I had hoped to post some straightforward news here for you to reconcile two seemingly contradictory announcements from Washington about the “Affordable” Care Act. I’m sorry to say that I’ve fallen short so far. I welcome comments from readers who can translate all this for our mutual benefit. Everything about the ACA will hit home in New Hampshire just as in the other 49 states.
June 28: The U.S. Department of Health and Human Services posted its “final” rule on the HHS mandate, saying that employers who refuse to subsidize contraception and abortion-inducing agents for their female employees are still subject to sanctions. I recommend this advisory from the Becket Fund for Religious Liberty about so-called “accommodations.” Leaven had a few words about this “final” rule.
July 2: The U.S. Treasury Department announced that the reporting requirements imposed on employers by ACA will be suspended until 2015. Those requirements are in themselves a mandate. So we have a paperwork mandate that won’t be enforced, by order of the executive branch, acting without the consent of the legislative branch, which passed the ACA.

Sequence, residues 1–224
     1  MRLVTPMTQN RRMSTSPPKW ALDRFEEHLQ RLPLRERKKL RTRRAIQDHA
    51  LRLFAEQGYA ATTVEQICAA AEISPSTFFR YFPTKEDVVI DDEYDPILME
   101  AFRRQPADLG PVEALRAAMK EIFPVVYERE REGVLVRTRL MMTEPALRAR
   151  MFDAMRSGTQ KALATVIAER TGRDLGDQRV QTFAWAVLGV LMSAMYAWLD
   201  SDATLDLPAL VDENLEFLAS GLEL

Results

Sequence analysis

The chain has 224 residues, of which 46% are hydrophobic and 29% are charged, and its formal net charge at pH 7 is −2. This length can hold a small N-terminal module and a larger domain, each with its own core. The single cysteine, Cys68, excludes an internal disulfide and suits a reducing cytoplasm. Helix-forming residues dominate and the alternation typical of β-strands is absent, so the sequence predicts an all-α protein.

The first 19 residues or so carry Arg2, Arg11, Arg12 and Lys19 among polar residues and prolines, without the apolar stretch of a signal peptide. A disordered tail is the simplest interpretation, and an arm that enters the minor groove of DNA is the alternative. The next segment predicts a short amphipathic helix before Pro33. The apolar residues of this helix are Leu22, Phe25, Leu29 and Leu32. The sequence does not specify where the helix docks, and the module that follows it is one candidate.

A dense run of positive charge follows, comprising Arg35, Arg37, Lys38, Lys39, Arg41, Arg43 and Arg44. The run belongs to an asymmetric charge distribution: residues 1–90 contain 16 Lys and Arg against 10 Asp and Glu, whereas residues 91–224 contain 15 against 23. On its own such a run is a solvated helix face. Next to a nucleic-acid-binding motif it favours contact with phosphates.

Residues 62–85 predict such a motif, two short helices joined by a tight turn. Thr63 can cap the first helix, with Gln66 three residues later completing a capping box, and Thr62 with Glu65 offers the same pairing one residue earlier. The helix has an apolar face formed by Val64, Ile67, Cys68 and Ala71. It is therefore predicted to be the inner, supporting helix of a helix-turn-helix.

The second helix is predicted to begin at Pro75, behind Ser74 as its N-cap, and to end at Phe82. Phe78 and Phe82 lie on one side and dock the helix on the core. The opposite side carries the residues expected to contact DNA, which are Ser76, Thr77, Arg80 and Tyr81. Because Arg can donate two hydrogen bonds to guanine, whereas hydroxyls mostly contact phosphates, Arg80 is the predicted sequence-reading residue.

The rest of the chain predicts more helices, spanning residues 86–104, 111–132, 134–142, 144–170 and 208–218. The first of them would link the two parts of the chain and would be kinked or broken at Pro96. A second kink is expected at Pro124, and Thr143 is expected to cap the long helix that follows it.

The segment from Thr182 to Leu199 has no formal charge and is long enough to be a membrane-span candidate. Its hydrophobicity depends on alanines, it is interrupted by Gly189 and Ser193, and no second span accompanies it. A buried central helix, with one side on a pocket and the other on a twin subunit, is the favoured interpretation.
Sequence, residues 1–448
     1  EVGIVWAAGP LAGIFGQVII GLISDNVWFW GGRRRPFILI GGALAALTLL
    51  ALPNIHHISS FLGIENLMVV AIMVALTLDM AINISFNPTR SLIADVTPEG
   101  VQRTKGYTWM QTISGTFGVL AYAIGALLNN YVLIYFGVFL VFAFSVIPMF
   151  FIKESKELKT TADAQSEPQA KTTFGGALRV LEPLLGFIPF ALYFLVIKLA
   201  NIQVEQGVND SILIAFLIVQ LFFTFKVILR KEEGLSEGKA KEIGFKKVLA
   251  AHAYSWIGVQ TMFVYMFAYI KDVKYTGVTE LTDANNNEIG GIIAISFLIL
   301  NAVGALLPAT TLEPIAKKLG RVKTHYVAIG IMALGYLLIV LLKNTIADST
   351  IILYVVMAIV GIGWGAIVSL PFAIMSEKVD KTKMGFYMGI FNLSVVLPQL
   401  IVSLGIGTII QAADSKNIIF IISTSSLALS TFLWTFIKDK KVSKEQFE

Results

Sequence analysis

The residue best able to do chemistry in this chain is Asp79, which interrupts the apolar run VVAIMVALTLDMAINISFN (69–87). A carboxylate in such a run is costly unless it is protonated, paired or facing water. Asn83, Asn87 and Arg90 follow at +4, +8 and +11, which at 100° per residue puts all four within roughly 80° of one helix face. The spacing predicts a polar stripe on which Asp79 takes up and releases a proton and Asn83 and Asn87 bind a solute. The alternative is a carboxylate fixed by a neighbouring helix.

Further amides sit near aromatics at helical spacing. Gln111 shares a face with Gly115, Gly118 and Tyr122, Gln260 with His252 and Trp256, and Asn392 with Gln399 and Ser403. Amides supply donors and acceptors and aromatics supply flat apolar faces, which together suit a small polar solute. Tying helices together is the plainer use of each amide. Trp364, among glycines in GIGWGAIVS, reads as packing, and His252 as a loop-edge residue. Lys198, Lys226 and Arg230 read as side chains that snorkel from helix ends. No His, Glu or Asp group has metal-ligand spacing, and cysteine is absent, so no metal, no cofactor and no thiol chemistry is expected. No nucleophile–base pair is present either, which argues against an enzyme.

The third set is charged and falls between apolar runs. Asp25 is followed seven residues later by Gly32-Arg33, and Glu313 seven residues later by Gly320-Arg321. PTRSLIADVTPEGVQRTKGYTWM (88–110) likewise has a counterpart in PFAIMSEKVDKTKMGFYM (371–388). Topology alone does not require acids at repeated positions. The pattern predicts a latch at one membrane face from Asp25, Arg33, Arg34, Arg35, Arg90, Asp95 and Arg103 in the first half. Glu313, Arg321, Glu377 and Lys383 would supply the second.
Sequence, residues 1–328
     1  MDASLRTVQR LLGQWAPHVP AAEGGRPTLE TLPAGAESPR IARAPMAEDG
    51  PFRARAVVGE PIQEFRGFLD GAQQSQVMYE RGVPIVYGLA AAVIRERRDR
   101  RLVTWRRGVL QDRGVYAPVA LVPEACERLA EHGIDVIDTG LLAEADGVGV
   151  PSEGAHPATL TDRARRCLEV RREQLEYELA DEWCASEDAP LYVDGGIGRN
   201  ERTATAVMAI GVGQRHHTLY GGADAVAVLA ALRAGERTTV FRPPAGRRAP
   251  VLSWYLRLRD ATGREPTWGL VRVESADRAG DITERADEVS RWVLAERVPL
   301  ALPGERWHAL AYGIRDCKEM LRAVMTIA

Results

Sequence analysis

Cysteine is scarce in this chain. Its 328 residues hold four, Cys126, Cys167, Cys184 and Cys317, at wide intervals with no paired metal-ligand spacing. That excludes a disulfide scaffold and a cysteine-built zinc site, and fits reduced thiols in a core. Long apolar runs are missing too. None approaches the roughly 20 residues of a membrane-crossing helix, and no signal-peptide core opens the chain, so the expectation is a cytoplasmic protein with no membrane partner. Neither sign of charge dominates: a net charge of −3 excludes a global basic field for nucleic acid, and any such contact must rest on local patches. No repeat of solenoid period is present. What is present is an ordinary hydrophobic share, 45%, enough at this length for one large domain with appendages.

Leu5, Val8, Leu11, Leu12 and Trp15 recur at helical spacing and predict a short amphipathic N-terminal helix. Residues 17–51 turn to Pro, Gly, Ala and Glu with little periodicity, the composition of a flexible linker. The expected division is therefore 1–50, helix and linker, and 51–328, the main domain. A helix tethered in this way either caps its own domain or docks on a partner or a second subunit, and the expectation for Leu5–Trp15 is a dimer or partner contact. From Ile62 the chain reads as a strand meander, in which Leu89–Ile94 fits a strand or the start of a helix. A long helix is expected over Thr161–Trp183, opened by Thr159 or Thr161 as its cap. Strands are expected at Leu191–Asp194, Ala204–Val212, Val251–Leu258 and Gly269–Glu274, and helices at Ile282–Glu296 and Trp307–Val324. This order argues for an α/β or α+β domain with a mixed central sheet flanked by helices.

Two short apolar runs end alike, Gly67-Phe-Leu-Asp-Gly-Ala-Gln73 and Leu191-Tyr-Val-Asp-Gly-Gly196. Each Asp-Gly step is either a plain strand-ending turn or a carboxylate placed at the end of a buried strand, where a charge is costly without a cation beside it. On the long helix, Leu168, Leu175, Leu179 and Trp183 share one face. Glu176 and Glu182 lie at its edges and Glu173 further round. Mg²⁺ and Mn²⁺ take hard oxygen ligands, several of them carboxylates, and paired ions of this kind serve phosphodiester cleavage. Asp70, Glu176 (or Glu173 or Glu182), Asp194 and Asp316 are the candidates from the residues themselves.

Confusing, if not dizzying. According to the Becket Fund statement cited above, the July 2 announcement “says nothing about the $100 per employee daily tax penalty [for failing to comply with the HHS mandate], which is in a different statute and subject to an entirely separate reporting requirement not mentioned in the Treasury statement.”
I take all this as an affirmation by the current Administration that concerns over excess paperwork are a good reason to change a mandate, while concerns about religious liberty are not.